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celli660 last won the day on January 8 2016

celli660 had the most liked content!

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About celli660

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  1. Great question, though I assume about 99% of the students on here will have no idea which law schools give the best scholarships for international students. As to cheapest city, I think your cost of living and tuition will be lowest in Fredericton, followed by Winnipeg, then it's a bit of a crap shoot for middle of the road, then you're going to start to get higher priced places like Vancouver, Toronto, Calgary, and Halifax.
  2. Everybody loves a freudian dick...
  3. Mission vs Kensington (Where to live)

    I don't understand college age kids and their fixation with trendy neighbourhoods. Live somewhere cheap and go to the trendy areas to spend your money on the 1 or 2 nights per week that you go out. The premium you spend on rent in those areas far exceeds the benefit of being able to stumble home from those same places.
  4. I gave you the tools to answer the question yourself, which is far more useful than the actual number of $55, 444.06. With the website you can fiddle around with the numbers and see what differences in interest rate, initial amount, years, etc. But really, this is super simple math, and you should be able to calculate that on your own using your phone. As to the other parts, you're referencing program specific offering details for a specific product at a specific bank. If you don't know the interest on that, I'm sure as hell not looking that up for you.
  5. That's pretty simple math. Did you not finish high school? Even if you didn't I'm sure an online calculator like this one would do the trick for you.
  6. Mature Student

    Getting a JD won't cure that attitude. Your perspective and rationale are making a little more sense to me now though.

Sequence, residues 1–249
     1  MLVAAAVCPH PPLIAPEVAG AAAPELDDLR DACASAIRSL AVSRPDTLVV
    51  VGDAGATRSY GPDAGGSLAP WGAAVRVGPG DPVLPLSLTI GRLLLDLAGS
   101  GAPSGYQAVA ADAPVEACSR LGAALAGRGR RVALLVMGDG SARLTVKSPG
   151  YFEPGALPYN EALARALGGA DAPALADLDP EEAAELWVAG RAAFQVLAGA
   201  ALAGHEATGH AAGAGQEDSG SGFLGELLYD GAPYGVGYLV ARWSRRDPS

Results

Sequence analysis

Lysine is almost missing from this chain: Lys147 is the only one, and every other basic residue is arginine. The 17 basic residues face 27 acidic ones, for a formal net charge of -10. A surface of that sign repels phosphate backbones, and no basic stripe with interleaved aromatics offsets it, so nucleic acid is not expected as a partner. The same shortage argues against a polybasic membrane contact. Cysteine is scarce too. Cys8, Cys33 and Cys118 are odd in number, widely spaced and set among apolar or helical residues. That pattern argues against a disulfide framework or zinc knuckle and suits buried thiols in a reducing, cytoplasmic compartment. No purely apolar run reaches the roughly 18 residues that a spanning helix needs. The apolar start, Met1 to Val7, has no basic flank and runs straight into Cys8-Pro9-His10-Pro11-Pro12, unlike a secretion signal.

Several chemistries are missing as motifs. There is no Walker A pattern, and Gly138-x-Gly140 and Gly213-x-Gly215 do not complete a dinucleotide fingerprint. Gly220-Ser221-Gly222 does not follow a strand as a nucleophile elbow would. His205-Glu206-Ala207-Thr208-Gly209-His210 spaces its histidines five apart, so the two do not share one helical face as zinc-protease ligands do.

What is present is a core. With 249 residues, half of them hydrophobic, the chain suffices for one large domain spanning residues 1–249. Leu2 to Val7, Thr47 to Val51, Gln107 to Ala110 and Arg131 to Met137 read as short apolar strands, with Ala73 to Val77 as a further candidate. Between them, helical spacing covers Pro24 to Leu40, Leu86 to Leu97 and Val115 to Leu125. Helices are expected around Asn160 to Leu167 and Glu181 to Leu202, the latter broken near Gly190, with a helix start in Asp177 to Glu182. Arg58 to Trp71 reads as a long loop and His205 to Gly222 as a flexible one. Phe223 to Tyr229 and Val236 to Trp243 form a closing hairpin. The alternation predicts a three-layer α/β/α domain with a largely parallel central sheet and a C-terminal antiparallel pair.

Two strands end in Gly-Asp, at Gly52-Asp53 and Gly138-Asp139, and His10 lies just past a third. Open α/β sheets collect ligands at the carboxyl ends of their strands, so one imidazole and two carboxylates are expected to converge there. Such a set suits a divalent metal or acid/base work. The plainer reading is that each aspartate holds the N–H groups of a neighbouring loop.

7. Mature Student

    You have an engineering degree, an MBA ("I've taken business law through my MBA program") and now want a JD and all the while you have been working as a project manager? Nothing about that adds up to me. I also hesitate to see what you're getting from having a JD that the BEng and MBA don't already get you. If people don't respect you now, they're not going to do so three years from now after you get a law degree. As a person who used to headhunt project managers for multi-million dollar projects, this raises a lot of red flags.
  8. You should certainly provide the transcript from the school you left from as they will not show on the official transcript of your transferee school
  9. Billable Hours v Actual Hours

    Depending on the firm you're working for, that could either be a very lucrative or very poor offer. As an articling student, one of the lawyers at our firm was making 15k a month on a fee-split, while another of my friends was making closer to 45k on the exact same split in the same office, doing different work. If you reasonably think you can bill 1500 hours or more at this firm over the year and have a good chance at charging $100 or more for your work, then you're probably earning at least 75k. I say 1500 hour since that's about 30 hours per week plus two weeks off (the average yearly hours is about 2000 less stat holidays) and at the ratio of 3:1 billable to non-billable hours. Some people will only get 2:1 billable to non-billable hours or about 1 hour of billable hours for every 1.5 hours in the office and some people are even more hours for fewer billable hours. It all depends. If you think there's work there and it's in a firm with a practice you enjoy, I would still be open to it since it's not likely that you will get hosed into making no money. You might also suggest a 20/20 split where you take $20 per hour and 20% or whatever. I'm sure they would negotiate with you a little if you needed it.